Discount Rates are the controlling value in NPV and DCF calculations.
Discounting cashflows to achieve a Net Present Value (NPV) is not without problems but it has one great advantage it makes all the results directly comparable and it is transparent how you got there.
The problems usually arise when different tenderers decide what Discount Rate to apply. But even here, when the principles are applied correctly the selection of the Discount Rate by the tenderer tells us a lot about them and what they think of our project.
For example if a Bank requires or offers a high margin over Base Rate say 58% then either it considers you a bad risk or they are themselves. However, if they offer a lower margin 13% then the risks can be considered as lower.
To help in understanding the Discount Rate it can be considered almost as the rate of return required by the investor which includes costs, risks and lost opportunities.
Therefore, the discount rate which is used for evaluating projects will vary between different firms or even between projects.
As investment risks are related to time the discount rate choice is even more problematical with long projects that have varying risks, for example PFI projects currently carry a higher perceived risk during the construction phase than the operation phase* .
This means the discount rate value is not universal in time nor is it necessarily valid geographically on a countrywide basis.
For example, the Bank of England might announce its discount rate which influences the commercial banks' interest rates, but even this is not necessarily the most appropriate discount rate for businesses to use in analysing or comparing projects.
The discount rate used to evaluate a project should reflect:
·

The cost of the capital (which is unique to the business concerned)  most people have an expectation that their wealth will be greater in the future, so the relative value to them of a particular sum of money will be correspondingly less in the future so an investor, shareholder or lender, requires a return on that investment.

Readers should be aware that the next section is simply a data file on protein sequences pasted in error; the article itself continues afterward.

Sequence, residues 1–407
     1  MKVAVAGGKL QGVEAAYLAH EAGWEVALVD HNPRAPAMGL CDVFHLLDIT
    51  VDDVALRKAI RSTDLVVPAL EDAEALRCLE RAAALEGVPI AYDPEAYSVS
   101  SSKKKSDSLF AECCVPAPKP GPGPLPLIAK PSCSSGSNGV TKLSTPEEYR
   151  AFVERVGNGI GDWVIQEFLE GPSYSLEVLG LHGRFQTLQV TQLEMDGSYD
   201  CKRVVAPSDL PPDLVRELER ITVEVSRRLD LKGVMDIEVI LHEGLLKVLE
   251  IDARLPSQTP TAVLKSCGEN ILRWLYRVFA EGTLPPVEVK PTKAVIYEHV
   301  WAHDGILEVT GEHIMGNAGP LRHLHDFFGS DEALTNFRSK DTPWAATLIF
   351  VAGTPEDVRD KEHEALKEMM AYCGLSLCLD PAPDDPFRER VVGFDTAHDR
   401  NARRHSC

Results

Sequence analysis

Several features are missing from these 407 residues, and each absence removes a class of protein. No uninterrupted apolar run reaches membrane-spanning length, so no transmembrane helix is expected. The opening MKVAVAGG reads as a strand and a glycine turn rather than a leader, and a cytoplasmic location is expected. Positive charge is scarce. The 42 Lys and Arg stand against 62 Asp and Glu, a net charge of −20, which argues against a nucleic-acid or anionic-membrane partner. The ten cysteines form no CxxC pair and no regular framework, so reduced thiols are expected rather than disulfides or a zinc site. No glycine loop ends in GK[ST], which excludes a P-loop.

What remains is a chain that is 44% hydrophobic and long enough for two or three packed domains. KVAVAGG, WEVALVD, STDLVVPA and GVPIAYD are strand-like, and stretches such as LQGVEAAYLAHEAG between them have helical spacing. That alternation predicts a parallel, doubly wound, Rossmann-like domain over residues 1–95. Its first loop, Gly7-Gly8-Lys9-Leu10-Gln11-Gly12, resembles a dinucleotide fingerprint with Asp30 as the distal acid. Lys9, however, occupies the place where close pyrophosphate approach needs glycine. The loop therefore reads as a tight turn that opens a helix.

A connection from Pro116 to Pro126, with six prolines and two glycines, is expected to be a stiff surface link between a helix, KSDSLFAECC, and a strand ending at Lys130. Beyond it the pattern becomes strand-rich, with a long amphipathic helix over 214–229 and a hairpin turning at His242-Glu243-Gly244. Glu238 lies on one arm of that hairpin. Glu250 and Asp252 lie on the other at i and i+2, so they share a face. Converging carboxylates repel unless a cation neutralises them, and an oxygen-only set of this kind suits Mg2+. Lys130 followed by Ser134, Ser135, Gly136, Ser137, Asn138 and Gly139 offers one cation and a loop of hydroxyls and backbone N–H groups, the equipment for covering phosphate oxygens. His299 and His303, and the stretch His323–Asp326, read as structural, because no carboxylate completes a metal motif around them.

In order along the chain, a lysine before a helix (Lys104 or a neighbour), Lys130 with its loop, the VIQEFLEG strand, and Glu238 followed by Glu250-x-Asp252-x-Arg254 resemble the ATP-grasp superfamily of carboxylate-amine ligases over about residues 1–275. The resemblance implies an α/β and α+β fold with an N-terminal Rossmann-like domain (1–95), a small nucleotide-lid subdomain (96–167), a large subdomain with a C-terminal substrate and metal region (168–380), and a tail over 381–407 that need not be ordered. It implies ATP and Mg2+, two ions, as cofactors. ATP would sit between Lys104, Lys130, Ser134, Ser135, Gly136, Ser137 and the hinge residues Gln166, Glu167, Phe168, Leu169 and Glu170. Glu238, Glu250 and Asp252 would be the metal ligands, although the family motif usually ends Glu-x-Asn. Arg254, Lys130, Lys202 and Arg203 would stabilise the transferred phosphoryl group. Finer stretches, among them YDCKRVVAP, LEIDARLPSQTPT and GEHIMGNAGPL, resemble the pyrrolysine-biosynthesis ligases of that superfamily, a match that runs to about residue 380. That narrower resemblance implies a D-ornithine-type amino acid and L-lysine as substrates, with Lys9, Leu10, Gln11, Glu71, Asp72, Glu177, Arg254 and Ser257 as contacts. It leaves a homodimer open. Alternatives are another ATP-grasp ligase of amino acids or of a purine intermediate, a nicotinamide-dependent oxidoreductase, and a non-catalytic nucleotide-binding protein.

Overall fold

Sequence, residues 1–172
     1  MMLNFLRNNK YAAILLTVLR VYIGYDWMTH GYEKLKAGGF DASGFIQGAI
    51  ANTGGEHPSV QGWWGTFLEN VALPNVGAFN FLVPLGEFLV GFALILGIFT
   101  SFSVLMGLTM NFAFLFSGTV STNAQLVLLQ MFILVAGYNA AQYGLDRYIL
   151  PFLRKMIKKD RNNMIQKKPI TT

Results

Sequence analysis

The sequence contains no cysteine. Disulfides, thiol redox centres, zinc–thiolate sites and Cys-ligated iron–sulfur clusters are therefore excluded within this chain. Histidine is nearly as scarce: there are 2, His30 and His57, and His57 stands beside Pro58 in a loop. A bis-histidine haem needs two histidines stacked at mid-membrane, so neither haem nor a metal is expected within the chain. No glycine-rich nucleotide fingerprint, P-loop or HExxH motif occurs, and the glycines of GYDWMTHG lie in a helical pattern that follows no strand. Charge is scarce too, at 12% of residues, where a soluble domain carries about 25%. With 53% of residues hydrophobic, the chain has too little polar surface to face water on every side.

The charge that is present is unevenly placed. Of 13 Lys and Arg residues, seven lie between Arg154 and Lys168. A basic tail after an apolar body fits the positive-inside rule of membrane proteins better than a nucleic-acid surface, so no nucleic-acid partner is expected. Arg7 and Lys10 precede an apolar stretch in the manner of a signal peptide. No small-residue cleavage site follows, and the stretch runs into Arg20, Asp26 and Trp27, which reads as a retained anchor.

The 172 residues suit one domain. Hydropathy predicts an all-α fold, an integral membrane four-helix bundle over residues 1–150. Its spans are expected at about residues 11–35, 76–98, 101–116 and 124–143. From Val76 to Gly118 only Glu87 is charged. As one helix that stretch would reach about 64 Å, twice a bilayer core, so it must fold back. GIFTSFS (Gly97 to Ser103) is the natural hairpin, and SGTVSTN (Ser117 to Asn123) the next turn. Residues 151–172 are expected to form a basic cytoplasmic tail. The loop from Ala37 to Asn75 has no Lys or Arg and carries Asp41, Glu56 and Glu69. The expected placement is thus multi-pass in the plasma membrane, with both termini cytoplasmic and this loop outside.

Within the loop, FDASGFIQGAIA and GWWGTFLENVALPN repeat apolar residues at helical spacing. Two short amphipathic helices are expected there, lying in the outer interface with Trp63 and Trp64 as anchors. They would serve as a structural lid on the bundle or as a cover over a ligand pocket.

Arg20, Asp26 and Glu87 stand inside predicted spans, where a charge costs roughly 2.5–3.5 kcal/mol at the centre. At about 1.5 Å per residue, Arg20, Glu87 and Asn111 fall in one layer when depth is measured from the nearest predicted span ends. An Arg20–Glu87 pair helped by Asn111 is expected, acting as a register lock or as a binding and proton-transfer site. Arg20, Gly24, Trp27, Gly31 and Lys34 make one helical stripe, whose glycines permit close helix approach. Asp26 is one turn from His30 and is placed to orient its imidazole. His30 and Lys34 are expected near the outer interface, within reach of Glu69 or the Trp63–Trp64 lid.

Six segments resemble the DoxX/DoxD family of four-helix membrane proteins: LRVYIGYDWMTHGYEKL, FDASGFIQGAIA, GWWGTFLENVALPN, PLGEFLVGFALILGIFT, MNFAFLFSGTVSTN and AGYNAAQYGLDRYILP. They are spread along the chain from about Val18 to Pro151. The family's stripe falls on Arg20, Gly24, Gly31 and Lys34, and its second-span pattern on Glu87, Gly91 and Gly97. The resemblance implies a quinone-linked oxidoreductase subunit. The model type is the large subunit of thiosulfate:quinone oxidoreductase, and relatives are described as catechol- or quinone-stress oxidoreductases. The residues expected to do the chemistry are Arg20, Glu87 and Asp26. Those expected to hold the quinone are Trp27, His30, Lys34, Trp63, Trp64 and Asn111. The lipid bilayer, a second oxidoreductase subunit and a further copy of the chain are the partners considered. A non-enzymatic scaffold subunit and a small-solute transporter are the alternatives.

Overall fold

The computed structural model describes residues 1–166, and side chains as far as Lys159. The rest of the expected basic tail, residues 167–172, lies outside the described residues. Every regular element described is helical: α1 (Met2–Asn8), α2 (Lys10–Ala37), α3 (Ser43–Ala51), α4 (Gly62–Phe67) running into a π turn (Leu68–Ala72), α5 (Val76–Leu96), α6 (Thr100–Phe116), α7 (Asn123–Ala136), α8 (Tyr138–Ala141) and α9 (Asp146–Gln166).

·

The risk of the project to the business  the benefit of money received now is certain whereas, because there is no guarantee that you will be alive next year, the benefit of money received next year is uncertain there is, therefore, a risk with any investment and that risk tends to grow with time.

·

The opportunity cost of that capital  money received now can be 'put to work' to earn a return so that, in a year's time it will have accumulated in value.

See Risk in Discount Rate Selection for more detailed analysis.
Therefore, businesses usually apply a discount rate that is substantially higher than the rate of interest charged by, or paid by, the bank to reflect the higher risk involved in most projects relative to investing in the central bank (the central bank interest rate or bond yields can be considered as riskfree and so represent the lower limit of the range of feasible discount rates).
In Private Finance Initiative (PFI) projects the UK Government uses the interest rate, (its own cost or price of capital) as a proxy for the discount rate.
It is certain that the PFI contractor will not be able to borrow at the same rate as the Government nor will all the contractors tendering be able to borrow at the same rate or have a similar WACC (weighted average cost of capital).
*This is the assumption that is currently made when refinancing PFI projects at a lower rate once construction is completed. However The Solution Organisation carried out a high level risk assessment in 2002 and found that with current knowledge and processes the operation phase carries the higher risk.